Franklin Delano Roosevelt (1882-1945) guided the nation through the most difficult years of the twentieth century. First elected president in 1932, he tackled the Great Depression in his first two terms in office and, in his third, marshaled Allied forces to defeat the Axis powers in World War II. He died in April 1945, shortly into his fourth term.
The Franklin Delano Roosevelt Memorial stretches 800 feet along the south side of the Tidal Basin and covers about 7-1/2 acres. The memorial narrates the story of Roosevelt's 12 years in office with granite walls, sculpture, waterfalls, and inscriptions, arranged in four rooms corresponding to the four terms of his presidency. It is a pleasant place to visit as well, with six waterfalls, carefully chosen plantings, and beautiful views of the Tidal Basin and the Washington Monument. There are nine bronze sculptures by five American artists: Leonard Baskin, Neil Estern, Robert Graham, Tom Hardy, and George Segal. The memorial itself was designed by Lawrence Halprin, a landscape architect from California.
The memorial was realized only after a gestation period of more than five decades. The Franklin Delano Roosevelt Memorial Commission was first authorized by Congress in 1946, but was not formed until 1955. The commission selected the Tidal Basin site in 1957 and held the first design competition in 1960. The winning entry had a circle of massive (up to 165 feet tall) concrete steles bearing quotations from FDR, but the commission later dropped the plan due to public objections. A second competition, held in 1966, was awarded to prominent architect Marcel Breuer for an immense granite pinwheel centered on a granite cube. Breuer's design was rejected by the Commission of Fine Arts (CFA) for a perceived lack of artistic merit.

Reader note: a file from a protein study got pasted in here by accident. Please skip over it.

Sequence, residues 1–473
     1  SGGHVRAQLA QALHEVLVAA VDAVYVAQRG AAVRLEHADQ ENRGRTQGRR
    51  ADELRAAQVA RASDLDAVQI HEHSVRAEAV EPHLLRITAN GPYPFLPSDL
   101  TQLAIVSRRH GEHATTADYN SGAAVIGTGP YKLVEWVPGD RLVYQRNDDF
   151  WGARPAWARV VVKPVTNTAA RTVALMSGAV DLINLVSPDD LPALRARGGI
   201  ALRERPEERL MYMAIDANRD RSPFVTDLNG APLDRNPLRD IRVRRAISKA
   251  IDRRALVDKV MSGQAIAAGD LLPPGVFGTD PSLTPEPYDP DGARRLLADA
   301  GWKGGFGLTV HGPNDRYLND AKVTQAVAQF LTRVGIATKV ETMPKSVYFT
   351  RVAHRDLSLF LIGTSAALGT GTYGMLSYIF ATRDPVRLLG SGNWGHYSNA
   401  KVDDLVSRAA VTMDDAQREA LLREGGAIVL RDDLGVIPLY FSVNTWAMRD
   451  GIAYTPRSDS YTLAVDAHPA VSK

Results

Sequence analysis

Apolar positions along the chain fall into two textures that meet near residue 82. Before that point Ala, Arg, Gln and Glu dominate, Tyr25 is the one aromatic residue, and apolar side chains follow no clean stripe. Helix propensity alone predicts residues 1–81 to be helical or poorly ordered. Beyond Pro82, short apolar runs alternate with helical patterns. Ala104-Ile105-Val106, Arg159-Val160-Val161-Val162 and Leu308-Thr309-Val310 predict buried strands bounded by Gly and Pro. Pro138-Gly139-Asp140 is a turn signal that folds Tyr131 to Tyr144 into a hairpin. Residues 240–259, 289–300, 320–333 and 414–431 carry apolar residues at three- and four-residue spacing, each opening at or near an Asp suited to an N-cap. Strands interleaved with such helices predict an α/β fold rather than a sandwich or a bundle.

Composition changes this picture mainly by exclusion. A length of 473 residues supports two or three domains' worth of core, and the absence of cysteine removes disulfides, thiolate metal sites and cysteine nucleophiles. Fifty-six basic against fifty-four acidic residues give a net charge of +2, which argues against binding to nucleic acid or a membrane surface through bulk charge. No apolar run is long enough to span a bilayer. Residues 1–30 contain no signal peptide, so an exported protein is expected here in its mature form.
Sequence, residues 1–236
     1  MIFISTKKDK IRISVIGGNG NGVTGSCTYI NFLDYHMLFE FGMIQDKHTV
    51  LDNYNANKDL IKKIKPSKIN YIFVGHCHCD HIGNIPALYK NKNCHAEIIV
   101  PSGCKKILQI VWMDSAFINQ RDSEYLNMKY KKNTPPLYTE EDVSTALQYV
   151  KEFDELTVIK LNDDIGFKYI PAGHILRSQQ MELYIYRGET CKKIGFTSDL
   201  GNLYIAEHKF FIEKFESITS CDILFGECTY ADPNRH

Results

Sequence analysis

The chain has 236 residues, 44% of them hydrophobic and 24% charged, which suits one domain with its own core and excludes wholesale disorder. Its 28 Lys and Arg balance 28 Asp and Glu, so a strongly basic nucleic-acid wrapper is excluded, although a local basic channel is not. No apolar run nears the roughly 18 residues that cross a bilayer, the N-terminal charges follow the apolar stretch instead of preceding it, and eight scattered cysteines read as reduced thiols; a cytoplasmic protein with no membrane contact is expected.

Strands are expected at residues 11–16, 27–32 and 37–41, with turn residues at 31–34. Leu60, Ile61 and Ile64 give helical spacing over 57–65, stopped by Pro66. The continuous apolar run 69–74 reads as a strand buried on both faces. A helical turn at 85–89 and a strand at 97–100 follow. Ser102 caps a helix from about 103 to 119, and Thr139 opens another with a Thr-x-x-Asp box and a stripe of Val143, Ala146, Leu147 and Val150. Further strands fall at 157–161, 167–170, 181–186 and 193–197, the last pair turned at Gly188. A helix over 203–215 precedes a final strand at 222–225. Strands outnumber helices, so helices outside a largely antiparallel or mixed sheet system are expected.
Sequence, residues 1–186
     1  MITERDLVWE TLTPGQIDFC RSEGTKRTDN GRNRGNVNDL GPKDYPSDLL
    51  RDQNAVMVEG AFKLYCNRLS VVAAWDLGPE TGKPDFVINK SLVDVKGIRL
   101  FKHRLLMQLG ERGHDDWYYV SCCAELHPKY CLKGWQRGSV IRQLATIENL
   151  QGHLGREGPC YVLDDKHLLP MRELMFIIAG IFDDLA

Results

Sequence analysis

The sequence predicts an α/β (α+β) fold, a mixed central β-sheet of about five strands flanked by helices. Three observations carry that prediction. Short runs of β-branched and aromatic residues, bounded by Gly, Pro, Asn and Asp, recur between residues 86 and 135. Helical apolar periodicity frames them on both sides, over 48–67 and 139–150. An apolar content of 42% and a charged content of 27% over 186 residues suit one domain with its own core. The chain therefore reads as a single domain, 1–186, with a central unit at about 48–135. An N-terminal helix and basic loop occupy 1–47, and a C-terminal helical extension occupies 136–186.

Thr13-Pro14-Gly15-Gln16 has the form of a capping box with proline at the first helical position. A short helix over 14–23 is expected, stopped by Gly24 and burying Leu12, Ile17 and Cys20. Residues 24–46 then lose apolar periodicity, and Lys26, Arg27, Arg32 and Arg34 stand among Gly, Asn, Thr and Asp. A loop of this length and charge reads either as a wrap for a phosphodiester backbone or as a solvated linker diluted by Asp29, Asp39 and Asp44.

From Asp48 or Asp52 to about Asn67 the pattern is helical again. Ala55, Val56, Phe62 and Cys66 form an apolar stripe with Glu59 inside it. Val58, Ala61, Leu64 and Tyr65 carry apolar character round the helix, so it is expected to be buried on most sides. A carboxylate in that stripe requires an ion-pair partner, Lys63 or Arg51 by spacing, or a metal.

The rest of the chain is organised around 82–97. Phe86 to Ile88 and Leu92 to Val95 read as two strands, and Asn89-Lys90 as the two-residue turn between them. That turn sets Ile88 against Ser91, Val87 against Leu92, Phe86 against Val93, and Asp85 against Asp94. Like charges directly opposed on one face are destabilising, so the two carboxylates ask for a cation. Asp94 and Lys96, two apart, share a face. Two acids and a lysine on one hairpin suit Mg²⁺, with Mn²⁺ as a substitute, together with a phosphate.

A third competition, held in 1974, went to Halprin, whose winning design was less controversial because it harmonized with the bucolic setting along the Tidal Basin. It was approved by the CFA (after being reduced in scale), but languished for another decade because of a lack of funding. Finally, in 1989, Congress appropriated funds for the memorial's construction, and work began in 1994. It was dedicated on May 2, 1997.
The memorial soon became the subject of controversy over its depiction of Roosevelt's paralysis, the legacy of a 1921 bout with polio. During his lifetime, Roosevelt strove to hide his disability, but more recently his triumph over this handicap has made him a symbol for many disabled Americans. Under pressure from advocates for the disabled, Congress authorized the addition of a statue of FDR in a wheelchair, shortly after the memorial's completion. The new statue, the work of sculptor Robert Graham, was placed in an addition to the front of the memorial. It was unveiled in 2001.
Adapted with permission from The Washington National Mall, by Peter R. Penczer, Oneonta Press, Arlington, Va.: 2007.
Copyright © Peter R. Penczer 2016